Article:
Commerzbank Nominates New Board Chairman Amid Turmoil at Top
(Bloomberg) -- Commerzbank AG nominated Helmut Gottschalk, formerly at DZ Bank AG, to head its supervisory board in an attempt to put a quick end to a leadership crisis that threatens to derail the bank’s reorganization.
Gottschalk was proposed as a new member of the board, which intends to elect him chairman immediately after his appointment by the annual general meeting, the Frankfurt-based lender said in a statement late Sunday.
The unprofitable German bank, already dealing with a major restructuring program, is trying to move on from its latest boardroom crisis. Hans-Joerg Vetter resigned as chairman this month for health reasons and a second board member, Andreas Schmitz, abruptly stepped aside on Thursday. That left Chief Executive Officer Manfred Knof without the backing of a strong chairman while he seeks to execute an ambitious turnaround plan that Vetter helped develop.
The firm on Thursday also postponed its AGM as a result. It was originally scheduled for May 5.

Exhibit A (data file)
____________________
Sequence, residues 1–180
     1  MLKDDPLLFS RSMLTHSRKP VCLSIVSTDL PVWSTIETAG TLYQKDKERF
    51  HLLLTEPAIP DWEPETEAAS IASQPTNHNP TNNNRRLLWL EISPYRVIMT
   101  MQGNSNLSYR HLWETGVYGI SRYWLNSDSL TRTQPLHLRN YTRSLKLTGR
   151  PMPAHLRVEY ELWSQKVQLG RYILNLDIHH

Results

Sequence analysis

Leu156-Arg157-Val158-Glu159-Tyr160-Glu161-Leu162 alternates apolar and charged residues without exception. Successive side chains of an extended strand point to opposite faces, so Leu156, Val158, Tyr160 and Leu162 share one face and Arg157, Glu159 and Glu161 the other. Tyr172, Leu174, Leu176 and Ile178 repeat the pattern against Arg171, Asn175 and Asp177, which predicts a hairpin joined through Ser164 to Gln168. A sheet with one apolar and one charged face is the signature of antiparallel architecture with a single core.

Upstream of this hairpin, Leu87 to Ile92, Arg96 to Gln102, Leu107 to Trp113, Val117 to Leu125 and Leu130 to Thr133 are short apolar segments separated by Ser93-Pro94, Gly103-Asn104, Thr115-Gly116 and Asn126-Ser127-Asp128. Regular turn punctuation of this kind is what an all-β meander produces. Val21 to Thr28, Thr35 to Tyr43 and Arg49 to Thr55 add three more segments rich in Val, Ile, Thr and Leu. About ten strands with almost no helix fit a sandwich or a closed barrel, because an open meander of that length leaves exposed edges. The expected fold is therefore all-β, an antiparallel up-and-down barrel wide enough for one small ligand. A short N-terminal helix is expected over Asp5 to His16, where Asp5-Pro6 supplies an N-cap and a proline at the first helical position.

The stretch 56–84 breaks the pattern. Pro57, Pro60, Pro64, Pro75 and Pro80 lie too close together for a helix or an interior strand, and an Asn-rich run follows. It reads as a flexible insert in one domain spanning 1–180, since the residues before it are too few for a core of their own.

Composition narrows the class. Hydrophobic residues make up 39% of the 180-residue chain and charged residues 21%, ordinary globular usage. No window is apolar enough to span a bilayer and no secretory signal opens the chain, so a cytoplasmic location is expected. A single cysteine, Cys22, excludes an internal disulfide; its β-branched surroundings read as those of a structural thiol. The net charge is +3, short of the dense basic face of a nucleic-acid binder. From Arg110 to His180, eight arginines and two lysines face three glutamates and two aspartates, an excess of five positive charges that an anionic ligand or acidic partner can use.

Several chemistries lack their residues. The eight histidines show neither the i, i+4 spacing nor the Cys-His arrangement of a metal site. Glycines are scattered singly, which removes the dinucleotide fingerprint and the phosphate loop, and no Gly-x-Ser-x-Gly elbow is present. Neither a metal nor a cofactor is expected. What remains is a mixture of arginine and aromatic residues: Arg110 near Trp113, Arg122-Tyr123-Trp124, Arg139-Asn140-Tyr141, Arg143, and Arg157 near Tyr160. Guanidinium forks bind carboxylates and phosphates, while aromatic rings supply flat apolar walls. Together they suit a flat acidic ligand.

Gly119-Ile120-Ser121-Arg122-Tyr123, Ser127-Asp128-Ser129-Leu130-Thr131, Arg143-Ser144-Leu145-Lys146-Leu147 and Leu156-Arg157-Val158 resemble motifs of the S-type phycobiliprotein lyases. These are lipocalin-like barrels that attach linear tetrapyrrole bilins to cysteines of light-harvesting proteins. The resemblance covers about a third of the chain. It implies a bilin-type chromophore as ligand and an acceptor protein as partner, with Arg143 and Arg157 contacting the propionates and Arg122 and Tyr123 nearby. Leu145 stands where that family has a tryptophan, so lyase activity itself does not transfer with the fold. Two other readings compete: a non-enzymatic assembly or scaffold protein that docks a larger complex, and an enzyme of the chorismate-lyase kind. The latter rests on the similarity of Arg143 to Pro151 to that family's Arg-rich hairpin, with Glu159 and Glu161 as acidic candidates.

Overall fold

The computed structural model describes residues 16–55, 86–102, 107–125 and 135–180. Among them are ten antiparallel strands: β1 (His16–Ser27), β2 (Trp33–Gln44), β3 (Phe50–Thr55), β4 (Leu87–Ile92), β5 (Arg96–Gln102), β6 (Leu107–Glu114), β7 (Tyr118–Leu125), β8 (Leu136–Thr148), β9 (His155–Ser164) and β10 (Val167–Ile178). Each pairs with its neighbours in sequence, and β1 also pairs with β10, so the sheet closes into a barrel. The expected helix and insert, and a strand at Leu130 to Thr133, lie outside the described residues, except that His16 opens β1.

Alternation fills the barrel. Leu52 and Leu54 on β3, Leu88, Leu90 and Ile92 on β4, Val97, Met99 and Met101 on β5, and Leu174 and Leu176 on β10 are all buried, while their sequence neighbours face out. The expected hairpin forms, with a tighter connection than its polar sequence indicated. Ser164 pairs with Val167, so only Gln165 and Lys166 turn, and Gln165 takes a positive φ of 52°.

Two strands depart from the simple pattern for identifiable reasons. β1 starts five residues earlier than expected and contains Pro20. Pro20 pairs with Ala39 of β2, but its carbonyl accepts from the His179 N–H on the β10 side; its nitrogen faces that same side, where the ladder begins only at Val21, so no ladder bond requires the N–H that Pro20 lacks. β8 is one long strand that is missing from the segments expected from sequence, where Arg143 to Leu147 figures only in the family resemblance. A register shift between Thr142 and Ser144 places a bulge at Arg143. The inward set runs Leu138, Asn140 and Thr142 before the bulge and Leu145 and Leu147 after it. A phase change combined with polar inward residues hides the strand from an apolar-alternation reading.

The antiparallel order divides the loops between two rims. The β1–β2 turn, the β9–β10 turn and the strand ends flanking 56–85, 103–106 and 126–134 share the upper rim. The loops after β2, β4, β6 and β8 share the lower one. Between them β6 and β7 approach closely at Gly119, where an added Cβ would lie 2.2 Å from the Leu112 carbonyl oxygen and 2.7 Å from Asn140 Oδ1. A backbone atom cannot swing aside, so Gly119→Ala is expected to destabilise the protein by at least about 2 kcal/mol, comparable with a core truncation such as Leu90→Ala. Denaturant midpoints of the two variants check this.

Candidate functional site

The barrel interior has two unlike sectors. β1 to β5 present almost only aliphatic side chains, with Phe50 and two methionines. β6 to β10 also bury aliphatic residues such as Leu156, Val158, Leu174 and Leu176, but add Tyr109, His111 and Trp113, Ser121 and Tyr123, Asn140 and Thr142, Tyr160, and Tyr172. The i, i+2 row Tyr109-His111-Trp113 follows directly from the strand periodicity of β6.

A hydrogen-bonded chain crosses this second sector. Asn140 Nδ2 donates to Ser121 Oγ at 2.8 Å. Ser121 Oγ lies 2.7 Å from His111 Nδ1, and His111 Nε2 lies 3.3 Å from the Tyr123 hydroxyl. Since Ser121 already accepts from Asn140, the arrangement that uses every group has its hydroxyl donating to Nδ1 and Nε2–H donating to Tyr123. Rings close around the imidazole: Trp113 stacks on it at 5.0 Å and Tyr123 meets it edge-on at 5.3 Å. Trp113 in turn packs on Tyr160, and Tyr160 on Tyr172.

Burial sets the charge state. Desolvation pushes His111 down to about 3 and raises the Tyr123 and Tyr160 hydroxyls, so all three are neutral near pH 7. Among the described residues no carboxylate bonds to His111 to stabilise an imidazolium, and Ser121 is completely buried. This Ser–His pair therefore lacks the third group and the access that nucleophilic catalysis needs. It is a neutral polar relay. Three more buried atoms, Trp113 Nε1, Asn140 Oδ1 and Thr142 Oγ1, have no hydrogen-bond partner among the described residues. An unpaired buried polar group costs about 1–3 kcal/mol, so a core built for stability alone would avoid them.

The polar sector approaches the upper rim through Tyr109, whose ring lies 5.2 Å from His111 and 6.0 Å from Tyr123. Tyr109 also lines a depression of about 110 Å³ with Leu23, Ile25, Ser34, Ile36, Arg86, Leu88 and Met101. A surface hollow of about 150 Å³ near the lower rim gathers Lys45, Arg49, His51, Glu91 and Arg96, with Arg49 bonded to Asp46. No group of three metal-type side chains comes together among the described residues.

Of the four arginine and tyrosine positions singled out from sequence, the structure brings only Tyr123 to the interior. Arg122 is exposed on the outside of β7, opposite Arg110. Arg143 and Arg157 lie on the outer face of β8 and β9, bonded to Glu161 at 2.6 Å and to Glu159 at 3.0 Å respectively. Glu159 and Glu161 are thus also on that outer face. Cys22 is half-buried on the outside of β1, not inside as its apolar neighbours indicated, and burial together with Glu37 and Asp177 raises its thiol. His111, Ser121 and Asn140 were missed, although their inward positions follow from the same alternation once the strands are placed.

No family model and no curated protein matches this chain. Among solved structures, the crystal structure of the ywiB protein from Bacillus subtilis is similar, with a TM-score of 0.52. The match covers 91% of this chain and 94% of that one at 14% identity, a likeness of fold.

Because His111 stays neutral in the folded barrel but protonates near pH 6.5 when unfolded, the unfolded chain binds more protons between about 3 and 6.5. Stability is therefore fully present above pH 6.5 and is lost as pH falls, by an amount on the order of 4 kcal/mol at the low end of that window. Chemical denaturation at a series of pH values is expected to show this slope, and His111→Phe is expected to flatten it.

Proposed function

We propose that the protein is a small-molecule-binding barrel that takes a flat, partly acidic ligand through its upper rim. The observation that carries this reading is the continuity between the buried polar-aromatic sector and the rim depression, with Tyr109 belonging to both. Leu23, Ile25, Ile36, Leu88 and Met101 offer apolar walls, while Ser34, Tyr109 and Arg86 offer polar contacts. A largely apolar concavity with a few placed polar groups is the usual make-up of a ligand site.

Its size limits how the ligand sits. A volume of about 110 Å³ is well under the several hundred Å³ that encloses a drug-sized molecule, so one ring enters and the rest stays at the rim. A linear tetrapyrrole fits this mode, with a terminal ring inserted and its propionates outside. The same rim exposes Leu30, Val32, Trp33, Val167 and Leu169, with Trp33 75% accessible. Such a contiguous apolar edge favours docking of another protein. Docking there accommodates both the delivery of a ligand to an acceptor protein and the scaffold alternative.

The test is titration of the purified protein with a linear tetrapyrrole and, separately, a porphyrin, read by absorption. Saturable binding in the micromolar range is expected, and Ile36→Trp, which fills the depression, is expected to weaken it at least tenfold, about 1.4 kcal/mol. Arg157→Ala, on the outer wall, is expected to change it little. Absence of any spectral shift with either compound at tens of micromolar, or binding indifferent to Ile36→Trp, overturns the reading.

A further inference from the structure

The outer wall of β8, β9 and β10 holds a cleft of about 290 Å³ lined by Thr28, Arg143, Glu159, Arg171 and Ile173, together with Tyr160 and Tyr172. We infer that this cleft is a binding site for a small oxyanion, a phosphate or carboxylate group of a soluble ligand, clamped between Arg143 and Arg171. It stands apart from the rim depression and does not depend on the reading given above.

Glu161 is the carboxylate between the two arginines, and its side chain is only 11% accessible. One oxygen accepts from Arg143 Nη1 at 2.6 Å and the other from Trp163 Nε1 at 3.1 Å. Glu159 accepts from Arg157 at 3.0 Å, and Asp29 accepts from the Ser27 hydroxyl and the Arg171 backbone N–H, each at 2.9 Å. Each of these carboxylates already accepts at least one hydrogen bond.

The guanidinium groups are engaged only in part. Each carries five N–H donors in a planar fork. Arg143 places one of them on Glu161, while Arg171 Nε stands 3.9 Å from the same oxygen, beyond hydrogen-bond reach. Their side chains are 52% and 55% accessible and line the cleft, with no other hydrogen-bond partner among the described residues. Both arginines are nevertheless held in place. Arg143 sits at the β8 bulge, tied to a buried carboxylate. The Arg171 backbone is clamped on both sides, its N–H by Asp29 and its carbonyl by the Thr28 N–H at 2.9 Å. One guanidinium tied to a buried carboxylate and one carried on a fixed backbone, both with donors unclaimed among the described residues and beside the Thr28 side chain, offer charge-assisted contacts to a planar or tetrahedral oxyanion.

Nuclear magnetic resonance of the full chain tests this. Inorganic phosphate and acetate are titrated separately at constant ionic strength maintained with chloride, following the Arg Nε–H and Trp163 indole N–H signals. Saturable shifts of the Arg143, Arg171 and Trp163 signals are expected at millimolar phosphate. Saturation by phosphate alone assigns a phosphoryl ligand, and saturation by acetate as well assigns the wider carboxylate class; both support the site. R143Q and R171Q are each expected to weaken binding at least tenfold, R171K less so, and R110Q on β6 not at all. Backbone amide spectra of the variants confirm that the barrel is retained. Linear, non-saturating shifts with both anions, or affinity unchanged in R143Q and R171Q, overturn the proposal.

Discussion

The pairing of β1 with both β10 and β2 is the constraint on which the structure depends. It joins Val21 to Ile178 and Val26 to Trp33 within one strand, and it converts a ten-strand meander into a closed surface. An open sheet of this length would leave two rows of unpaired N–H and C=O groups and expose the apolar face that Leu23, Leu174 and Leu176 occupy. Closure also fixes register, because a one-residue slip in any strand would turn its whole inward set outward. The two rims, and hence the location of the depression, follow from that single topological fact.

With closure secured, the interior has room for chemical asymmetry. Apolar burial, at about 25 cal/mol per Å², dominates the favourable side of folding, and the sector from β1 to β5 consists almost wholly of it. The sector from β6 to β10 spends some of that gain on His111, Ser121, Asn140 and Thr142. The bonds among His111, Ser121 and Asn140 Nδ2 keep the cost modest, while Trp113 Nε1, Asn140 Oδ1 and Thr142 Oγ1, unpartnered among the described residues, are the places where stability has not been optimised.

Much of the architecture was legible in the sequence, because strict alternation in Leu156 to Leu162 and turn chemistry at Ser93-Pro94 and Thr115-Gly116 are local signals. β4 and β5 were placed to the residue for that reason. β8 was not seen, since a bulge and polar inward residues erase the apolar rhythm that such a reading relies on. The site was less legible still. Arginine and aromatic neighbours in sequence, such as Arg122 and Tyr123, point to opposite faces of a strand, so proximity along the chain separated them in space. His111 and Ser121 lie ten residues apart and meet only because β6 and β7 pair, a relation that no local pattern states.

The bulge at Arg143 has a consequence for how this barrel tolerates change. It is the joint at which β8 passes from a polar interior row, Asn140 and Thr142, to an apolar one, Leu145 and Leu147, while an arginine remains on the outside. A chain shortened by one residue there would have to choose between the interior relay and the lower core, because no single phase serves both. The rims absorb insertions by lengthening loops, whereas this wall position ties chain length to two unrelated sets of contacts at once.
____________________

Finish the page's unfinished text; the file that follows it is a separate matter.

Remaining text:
“The Supervisory Board moved ahead quickly with the selection process for its new chairman,” the German lender said in the statement. The bank also said it wants to find a “swift” replacement for the vacancy left by Schmitz in an effort to announce a new date for its AGM.
Gottschalk was a member of DZ Bank’s supervisory board for 15 years and led the governance body as chairman from 2010 until 2018, according to the statement. DZ Bank is one of Germany’s biggest banks by assets.
The second board member to resign this month, Schmitz was initially seen as a potential successor to Vetter. But he stepped down after several other board members raised questions about the role of HSBC Holdings Plc’s German unit in a controversial trading strategy known as Cum-Ex while he was head of that business, people familiar with the matter have said.
Commerzbank also said earlier in the week it will probably post its second consecutive loss this year as it grapples with more than $1 billion costs to restructure the business, while provisions to cover bad loans remain elevated.
Knof, who joined Commerzbank at the beginning of the year, presented plans for a deep restructuring in February. The strategy will see the bank seek to shed about a third of the domestic workforce, trim its foreign presence and close more than 40% of its branches.
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